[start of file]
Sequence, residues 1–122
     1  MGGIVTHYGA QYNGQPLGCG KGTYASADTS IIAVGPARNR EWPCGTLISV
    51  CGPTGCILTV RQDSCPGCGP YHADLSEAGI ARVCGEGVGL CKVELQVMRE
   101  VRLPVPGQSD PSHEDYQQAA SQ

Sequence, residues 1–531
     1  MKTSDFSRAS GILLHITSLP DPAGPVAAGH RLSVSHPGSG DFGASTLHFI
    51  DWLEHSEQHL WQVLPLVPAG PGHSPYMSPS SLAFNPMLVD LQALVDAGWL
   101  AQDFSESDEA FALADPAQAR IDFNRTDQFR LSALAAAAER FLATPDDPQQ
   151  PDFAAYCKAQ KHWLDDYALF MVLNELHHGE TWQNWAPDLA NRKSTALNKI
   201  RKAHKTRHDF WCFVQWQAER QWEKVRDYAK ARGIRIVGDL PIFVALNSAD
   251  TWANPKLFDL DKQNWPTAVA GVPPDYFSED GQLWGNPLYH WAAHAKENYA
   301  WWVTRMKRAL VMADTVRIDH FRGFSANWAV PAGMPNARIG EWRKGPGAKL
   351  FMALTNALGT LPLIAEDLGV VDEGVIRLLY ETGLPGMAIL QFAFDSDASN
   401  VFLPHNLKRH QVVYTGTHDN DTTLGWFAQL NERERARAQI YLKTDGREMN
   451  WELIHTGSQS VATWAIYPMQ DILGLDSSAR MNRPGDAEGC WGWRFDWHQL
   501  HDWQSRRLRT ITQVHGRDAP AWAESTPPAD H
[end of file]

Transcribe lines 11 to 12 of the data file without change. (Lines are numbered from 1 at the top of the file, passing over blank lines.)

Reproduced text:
   251  TWANPKLFDL DKQNWPTAVA GVPPDYFSED GQLWGNPLYH WAAHAKENYA
   301  WWVTRMKRAL VMADTVRIDH FRGFSANWAV PAGMPNARIG EWRKGPGAKL